China could end the trade war by taking steps to ease other countries’ fears over globalisation
As Winston Churchill once said, “If we open a quarrel between the past and the present we shall find that we have lost the future”. The same sentiment can be applied to the ongoing US-China trade war, where the principal concern of the feuding parties must be with the future rather than squabbling over the past or the present.
As the world order is rapidly changing with localisation and nationalism on the rise in most countries, it would be unwise on the part of Chinese leaders to ignore these signs and continue to believe in the rhetoric created by the Chinese media, citing themselves as victims and the US as the aggressor. While the rhetoric might generally work for the Chinese people, it would probably have little value for people outside China, given that their culture, values and beliefs are so vastly different. Hence there is a need for President Xi Jinping to have a global perspective and tailor communication accordingly.
As China has been the biggest beneficiary of global free trade, it needs to develop empathy towards other countries that have been negatively impacted by the shift in the global trade order over the past 30 years. The people who have suffered due to loss of manufacturing jobs in their respective countries form the core base of Trump supporters as well as several far-right parties in Europe that are becoming more popular by the day.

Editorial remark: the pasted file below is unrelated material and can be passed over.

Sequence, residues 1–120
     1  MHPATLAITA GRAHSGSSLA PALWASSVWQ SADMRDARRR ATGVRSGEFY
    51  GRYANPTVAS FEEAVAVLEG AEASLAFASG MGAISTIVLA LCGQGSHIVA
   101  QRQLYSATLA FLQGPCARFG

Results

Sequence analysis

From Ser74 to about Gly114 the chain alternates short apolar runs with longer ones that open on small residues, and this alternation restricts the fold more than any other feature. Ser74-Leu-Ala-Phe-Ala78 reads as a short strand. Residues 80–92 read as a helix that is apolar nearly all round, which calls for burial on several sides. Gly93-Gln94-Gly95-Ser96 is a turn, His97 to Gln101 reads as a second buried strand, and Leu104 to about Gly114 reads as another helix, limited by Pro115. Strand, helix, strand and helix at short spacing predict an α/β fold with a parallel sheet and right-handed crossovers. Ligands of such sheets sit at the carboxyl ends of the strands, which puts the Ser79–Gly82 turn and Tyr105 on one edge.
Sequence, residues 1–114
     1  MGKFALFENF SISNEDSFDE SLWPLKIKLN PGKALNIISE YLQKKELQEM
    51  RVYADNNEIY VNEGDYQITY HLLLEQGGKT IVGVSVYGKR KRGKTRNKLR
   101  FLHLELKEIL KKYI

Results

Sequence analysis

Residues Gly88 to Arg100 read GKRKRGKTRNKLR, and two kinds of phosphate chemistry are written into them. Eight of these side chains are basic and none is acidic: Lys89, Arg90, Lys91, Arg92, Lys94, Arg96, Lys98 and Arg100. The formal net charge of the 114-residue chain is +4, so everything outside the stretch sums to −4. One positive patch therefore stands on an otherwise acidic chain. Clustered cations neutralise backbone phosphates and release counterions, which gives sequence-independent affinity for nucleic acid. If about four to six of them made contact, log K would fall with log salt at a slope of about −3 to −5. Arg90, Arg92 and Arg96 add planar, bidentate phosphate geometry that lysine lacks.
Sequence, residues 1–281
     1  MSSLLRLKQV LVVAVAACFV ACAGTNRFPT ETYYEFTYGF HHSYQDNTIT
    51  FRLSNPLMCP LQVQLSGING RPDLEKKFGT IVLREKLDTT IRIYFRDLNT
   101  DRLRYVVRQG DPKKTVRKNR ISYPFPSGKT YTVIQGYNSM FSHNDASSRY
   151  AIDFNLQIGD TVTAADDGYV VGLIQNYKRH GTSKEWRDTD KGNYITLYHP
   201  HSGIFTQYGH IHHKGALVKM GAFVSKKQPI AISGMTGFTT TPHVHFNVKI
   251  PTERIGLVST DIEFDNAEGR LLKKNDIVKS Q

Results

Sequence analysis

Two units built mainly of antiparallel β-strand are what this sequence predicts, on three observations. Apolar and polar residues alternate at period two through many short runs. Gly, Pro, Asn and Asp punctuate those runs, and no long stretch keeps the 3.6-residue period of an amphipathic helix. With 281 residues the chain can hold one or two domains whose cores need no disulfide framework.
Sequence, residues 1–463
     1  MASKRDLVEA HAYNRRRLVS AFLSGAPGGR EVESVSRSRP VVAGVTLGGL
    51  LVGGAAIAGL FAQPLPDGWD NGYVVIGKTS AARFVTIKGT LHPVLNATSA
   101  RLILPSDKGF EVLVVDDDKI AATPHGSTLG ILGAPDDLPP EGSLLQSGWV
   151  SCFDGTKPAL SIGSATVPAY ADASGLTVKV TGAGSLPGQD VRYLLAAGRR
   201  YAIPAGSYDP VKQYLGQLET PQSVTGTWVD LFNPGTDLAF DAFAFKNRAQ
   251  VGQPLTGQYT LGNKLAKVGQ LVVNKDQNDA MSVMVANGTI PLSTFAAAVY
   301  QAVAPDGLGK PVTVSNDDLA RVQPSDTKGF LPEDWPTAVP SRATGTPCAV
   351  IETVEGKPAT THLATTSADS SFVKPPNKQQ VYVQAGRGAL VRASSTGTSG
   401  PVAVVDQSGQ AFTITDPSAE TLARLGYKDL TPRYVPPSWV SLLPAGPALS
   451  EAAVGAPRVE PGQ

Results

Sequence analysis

The crisis Europe is facing right now can arguably be attributed to globalisation. Germany is the only country in Europe that continues to do well having preserved its core manufacturing base compared to other nations which transferred all their manufacturing offshore, resulting in the severe job losses and high unemployment rates that cause unrest and unstable social and political environments today.
Watch: US-China trade war – 105 days and counting
China, for its part, can take several positive steps that would dispel the notion that while it continues to take advantage of the global trade order by exporting goods to other countries, it does not reciprocate appropriately by lowering its trade barriers. It can earn goodwill by taking some concrete steps right away: first, coming up with new regulations that enforce intellectual property rights; second, offering to buy more agricultural and energy products from other countries; third, reducing state subsidies; and fourth, making it easier for other countries to invest in China and providing a level playing field.
While everyone might end up losing if the current trade war carries on for much longer, as the ZTE example recently showed, the US is much better placed right now to exert maximum damage on the Chinese economy. The bigger danger to China, however, is a scenario in which the trade war drags on indefinitely, enabling the US to forge a coalition with European countries, who are under pressure for political reasons amid growing nationalism and anti-global sentiments, against China. That would be disastrous and could undo all the benefits China has seen over the last three decades.
As Chinese leaders aspire to greatness for their country, they could benefit from keeping in mind another famous quote from Churchill: “The price of greatness is responsibility.”
Arun Garg, Taikoo Shing